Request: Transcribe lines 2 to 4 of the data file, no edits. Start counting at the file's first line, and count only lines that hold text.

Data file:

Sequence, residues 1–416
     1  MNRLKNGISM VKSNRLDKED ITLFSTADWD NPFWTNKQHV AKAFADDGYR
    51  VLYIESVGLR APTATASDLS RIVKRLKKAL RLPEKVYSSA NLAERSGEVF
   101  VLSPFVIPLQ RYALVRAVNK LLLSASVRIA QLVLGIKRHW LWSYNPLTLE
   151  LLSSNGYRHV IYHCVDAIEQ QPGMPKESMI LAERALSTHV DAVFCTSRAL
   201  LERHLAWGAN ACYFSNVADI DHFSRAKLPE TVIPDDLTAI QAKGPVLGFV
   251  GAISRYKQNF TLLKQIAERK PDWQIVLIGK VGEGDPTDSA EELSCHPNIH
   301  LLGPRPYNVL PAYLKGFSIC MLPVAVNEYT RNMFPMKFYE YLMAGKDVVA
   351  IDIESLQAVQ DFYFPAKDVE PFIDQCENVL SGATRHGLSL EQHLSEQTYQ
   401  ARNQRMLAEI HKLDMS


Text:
     1  MNRLKNGISM VKSNRLDKED ITLFSTADWD NPFWTNKQHV AKAFADDGYR
    51  VLYIESVGLR APTATASDLS RIVKRLKKAL RLPEKVYSSA NLAERSGEVF
   101  VLSPFVIPLQ RYALVRAVNK LLLSASVRIA QLVLGIKRHW LWSYNPLTLE